By Jeanie Keogh
The Best Exotic Marigold Hotel, starring several acting legends, and directed by British director John Madden should be on your must-see list for 2012. Madden, who is best known for his directorial role in Shakespeare in Love (1998) and Proof (2005), has the mark of an artful and considerate director. He tells a story with multiple protagonists without creating boredom or confusion or preference for one character over another.
The story is comically simple. Seven retired British folks sign up for what promises to be the experience of a lifetime: an extended (or rather indefinite) stay at an Indian hotel that caters to the elderly. What awaits them when they arrive is a decrepit building and an overly-enthusiastic young Indian man that has his sights set on restoring the hotel his father left him as his legacy.
The characters are beautifully flawed. Graham (Tom Wilkinson) leaves his 32-year career as a lawyer to return to India to find his lost lover from 40 years ago. Madge (Celia Imrie) fancifully gives up her tenure as her grandchildren’s babysitter to find a wealthy fifth husband. Douglas (Bill Nighy) and Jean (Penelope Wilton), retired civil servants whose daughter’s internet start-up has left them with too few savings to afford more than a cramped English flat, choose India as a preferred option. Muriel (Maggie Smith), a fierce racist and medical tourist, equips herself with pickles, HP sauce and English biscuits and braves herself for the stink of curry.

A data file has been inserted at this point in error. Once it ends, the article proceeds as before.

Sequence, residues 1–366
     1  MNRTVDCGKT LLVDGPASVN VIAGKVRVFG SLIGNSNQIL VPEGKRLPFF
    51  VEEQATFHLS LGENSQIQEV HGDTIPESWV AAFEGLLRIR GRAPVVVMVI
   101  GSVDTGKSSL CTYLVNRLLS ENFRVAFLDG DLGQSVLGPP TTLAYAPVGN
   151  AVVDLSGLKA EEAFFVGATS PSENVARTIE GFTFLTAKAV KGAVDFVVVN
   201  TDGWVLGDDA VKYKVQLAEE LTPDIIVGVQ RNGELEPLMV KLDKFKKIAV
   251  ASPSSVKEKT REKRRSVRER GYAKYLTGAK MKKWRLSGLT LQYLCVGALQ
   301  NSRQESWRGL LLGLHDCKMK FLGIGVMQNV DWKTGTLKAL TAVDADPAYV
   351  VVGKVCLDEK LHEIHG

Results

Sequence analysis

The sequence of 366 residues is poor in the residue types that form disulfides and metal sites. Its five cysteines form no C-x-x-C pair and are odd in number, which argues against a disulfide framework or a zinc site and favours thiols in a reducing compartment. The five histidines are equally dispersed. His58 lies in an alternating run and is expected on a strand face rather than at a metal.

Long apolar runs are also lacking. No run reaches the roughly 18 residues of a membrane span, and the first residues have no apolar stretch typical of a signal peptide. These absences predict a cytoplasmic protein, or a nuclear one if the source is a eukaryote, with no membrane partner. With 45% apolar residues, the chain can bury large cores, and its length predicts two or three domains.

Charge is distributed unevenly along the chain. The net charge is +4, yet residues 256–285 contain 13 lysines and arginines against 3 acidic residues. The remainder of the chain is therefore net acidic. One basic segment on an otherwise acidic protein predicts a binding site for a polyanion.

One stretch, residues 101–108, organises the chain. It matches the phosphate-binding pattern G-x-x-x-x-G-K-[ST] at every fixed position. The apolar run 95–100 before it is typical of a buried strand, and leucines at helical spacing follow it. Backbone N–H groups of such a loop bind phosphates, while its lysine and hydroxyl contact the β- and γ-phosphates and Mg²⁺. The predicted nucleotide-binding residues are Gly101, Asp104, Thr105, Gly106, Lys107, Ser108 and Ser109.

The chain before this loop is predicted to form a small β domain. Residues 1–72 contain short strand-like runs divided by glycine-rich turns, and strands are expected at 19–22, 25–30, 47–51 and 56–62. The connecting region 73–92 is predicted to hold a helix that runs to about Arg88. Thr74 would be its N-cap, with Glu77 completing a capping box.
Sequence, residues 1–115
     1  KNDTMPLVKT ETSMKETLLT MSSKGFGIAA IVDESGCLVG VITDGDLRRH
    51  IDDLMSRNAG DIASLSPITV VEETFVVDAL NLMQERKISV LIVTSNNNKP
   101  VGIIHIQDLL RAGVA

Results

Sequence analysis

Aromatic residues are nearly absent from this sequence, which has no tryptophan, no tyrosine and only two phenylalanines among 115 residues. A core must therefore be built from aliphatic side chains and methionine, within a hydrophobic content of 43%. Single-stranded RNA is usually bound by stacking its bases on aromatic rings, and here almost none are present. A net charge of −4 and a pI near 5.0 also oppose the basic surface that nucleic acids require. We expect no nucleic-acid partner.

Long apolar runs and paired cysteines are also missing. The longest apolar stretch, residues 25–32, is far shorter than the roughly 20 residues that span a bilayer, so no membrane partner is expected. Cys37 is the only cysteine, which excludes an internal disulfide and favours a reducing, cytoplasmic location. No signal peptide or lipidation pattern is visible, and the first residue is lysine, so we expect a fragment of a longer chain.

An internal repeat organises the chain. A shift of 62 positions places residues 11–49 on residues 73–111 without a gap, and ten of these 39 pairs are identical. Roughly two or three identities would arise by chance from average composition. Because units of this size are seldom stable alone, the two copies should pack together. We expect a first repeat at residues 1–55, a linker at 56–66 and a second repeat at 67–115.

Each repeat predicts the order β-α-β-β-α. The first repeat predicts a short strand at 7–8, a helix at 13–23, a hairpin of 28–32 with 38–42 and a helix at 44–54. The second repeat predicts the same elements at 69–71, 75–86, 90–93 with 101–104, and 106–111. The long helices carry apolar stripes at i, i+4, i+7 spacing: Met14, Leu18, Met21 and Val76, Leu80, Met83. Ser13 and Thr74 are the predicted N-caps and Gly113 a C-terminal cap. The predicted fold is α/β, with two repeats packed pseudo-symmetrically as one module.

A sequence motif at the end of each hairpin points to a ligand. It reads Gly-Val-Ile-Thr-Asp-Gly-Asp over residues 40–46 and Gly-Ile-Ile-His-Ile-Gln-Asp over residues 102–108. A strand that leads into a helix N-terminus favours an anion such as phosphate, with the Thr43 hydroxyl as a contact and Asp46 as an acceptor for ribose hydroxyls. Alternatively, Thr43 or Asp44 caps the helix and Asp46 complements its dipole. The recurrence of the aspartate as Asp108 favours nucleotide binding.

Evelyn (Judi Dench), a recently-widowed housewife who has never done anything without her husband, finds herself at a loss after the sale of her house to absolve her husband’s debts. Norman (Ronald Pickup), a lonely kid-at-heart who is afraid he has lost his way with women along with the realization that he will never again be young. And Sonny (Dev Patel), the hotel proprietor who is desperately trying to convince his mother, his girlfriend and his hotel guests that his grandiose dream to create a wonderful haven for retired Westerners is not a foolish waste of time and money.
What we witness is uplifting and against the grain: older people who are exemplary at self-discovery and reinvention. As the characters learn to deal with the assault of India’s in-your-face humanity, they also learn the lessons India has to teach them: humility, confidence in love, recompense…and how to eat chapati without spitting it out or dishonouring someone’s family. The adjustment is at times humorous, at others, deeply moving. The characters pick themselves up, dust themselves off (quite literally) and begin to truly live by untying rather than tying up the loose ends of their lives.
The Best Exotic Marigold Hotel: Movie Trailer
Madden isn’t the only one who deserves artist credit. A stellar cast of Judi Dench, Maggie Smith, Bill Nighy, Tom Wilkinson and Dev Patel (Slumdog Millionaire) show their mastery and deliver concise, fresh performances. Dench, who acts as narrator by way of her blog posts about her adventure, unpacks their fears of ageing, their thoughts on whether seniors are incapable of change or just too tired to see their efforts end in disappointment, and their doubts about whether what they gave their lives to was worth it.
But as Sonny, the ever-positive dreamer says: “Everything will work out in the end…and if things aren’t working out, that’s because it’s not the end yet.”
Be sure to watch The Best Exotic Marigold Hotel in theaters starting Friday, May 4th. Let’s help the movie become a huge commercial success and encourage film makers to develop more stories starring older adults that we can relate to.